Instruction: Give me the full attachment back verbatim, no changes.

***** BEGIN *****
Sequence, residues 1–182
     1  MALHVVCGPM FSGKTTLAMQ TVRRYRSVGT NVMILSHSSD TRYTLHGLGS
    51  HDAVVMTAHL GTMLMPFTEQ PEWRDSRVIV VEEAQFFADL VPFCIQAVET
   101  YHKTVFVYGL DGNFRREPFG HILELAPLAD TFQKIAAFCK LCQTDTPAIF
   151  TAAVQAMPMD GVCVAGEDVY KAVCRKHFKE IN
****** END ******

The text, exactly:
Sequence, residues 1–182
     1  MALHVVCGPM FSGKTTLAMQ TVRRYRSVGT NVMILSHSSD TRYTLHGLGS
    51  HDAVVMTAHL GTMLMPFTEQ PEWRDSRVIV VEEAQFFADL VPFCIQAVET
   101  YHKTVFVYGL DGNFRREPFG HILELAPLAD TFQKIAAFCK LCQTDTPAIF
   151  TAAVQAMPMD GVCVAGEDVY KAVCRKHFKE IN